V1027: Robot-assisted simple prostatectomy
VideoIntroduction and Objectives
To date, no comparative study has been performed to examine outcomes following robot-assisted simple prostatectomy (RASP) vs. open simple prostatectomy (OSP). Nevertheless, OSP is a highly morbid procedure with frequent need for prolonged catheterization and blood transfusion. Robot-assisted simple prostatectomy has been shown to mitigate these sequelae albeit in relatively small case series.
Our patient was a 66 year-old male who presented with a history of bothersome lower urinary tract symptoms. His preoperative IPSS was 22 and uroflowmetry demonstrated a peak flow of 8ml/sec. 12-core transrectal ultrasound guided biopsy was negative and ultrasound estimated volume was 138mL. The technique demonstrated is a transperitoneal hybrid approach of urethrovesical anastomosis with the posterior urethral plate reapproximated to the posterior bladder neck, coapting much of the prostatic fossa.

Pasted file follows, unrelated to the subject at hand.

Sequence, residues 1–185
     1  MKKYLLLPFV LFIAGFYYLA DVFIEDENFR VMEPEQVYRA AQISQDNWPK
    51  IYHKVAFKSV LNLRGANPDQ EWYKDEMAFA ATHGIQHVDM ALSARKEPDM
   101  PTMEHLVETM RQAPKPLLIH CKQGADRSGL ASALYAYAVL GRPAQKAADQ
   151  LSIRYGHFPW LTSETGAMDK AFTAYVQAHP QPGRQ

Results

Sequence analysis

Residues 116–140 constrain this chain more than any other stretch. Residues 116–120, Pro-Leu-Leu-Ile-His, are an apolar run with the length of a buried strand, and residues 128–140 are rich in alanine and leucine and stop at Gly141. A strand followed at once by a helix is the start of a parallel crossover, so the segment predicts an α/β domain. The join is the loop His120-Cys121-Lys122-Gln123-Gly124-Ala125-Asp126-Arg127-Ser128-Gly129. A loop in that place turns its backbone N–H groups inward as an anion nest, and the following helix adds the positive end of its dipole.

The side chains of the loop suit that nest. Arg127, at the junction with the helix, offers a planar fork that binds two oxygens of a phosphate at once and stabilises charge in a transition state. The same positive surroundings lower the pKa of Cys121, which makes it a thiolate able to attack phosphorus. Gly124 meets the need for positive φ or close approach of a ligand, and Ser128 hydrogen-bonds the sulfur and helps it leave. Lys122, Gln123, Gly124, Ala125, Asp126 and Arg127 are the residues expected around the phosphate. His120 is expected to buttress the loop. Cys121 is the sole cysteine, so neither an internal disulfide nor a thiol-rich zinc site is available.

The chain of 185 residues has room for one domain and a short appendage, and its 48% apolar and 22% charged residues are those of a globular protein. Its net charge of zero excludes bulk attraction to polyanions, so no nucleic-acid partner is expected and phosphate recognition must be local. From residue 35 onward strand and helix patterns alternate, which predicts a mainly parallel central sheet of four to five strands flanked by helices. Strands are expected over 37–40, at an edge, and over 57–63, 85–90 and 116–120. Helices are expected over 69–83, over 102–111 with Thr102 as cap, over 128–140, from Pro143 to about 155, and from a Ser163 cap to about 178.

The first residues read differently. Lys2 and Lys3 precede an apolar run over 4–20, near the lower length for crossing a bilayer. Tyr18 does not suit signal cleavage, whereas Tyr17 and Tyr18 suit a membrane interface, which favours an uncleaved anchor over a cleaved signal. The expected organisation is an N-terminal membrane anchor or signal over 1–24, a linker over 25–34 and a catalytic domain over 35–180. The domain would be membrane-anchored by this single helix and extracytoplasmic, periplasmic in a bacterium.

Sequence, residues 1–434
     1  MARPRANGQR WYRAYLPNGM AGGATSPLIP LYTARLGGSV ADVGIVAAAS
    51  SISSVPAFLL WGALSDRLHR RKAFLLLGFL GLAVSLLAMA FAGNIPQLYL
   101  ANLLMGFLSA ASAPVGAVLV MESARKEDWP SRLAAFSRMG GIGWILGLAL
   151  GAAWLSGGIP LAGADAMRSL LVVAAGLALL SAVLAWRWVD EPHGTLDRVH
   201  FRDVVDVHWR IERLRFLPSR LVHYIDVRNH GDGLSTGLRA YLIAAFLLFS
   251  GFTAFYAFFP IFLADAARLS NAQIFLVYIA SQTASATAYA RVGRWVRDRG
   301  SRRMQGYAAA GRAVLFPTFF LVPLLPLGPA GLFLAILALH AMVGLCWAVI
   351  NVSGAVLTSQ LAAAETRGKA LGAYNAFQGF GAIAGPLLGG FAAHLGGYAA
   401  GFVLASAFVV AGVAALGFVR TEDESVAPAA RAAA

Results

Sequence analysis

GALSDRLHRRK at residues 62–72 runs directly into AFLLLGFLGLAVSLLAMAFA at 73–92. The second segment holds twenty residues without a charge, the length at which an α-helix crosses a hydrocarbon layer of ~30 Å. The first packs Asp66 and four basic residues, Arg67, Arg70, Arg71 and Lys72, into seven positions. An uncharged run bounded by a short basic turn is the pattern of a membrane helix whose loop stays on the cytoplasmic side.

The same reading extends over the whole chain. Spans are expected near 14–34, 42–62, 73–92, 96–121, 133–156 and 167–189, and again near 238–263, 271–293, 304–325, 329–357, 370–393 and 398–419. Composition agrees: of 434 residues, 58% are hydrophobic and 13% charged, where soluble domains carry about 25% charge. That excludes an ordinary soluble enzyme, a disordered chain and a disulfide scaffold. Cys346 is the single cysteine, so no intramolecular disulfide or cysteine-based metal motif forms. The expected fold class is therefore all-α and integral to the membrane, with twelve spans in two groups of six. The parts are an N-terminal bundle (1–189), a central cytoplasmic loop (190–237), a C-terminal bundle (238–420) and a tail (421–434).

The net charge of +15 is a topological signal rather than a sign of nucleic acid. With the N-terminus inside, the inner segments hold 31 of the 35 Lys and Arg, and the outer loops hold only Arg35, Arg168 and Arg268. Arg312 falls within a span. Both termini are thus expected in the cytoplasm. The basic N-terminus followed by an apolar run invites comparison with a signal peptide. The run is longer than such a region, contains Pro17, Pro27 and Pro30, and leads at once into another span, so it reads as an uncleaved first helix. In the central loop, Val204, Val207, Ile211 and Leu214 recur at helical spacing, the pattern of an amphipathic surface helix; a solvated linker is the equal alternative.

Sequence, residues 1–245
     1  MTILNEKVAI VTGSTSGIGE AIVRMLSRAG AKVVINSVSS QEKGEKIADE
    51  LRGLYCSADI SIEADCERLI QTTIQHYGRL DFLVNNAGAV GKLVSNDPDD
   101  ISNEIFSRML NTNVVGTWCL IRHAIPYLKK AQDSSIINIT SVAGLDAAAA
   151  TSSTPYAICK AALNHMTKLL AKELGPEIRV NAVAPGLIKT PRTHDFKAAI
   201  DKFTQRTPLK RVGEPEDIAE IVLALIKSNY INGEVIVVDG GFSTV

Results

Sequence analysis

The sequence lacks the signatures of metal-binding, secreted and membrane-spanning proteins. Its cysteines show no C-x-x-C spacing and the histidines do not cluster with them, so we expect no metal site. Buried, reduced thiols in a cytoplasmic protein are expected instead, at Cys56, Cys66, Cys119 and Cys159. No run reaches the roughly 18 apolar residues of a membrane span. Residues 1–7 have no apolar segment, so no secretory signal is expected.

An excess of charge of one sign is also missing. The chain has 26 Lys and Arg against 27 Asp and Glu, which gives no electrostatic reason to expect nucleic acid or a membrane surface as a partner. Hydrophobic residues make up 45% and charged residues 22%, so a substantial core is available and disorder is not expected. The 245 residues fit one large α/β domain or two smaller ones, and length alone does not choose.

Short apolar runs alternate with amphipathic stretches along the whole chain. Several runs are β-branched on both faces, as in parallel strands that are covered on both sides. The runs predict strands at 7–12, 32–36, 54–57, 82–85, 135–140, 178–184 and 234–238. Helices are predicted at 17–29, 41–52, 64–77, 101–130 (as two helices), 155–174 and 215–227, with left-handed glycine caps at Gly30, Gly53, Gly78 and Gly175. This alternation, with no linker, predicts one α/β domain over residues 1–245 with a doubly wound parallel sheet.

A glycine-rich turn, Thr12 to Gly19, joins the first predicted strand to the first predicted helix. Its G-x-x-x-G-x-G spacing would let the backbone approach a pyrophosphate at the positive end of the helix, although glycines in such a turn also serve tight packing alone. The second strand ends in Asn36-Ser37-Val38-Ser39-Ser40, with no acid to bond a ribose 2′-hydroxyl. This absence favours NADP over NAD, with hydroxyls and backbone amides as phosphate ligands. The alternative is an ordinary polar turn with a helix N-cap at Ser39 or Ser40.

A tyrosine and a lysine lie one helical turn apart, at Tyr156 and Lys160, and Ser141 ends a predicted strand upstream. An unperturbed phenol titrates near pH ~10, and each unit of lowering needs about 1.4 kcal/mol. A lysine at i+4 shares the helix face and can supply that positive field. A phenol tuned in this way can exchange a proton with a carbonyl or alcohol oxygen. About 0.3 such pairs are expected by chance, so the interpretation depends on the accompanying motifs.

Operative time was 3hr 17min. The final specimen was 154 grams. Estimated operative blood loss was 110mL and the patient’s post-operative hemoglobin dropped 1.3 g/dL. The patient was discharged from the hospital postoperative day 2 and transurethral catheter was removed after 7 days. At 4 months, the patient was found to have had a 12-point decrease in IPSS. He is doing well, with no sign of recurrent flow obstruction at 8 months of follow-up.
Robot-assisted simple prostatectomy is technically feasible and represents an alternative to open simple prostatectomy or endourologic approaches, especially for large adenomas.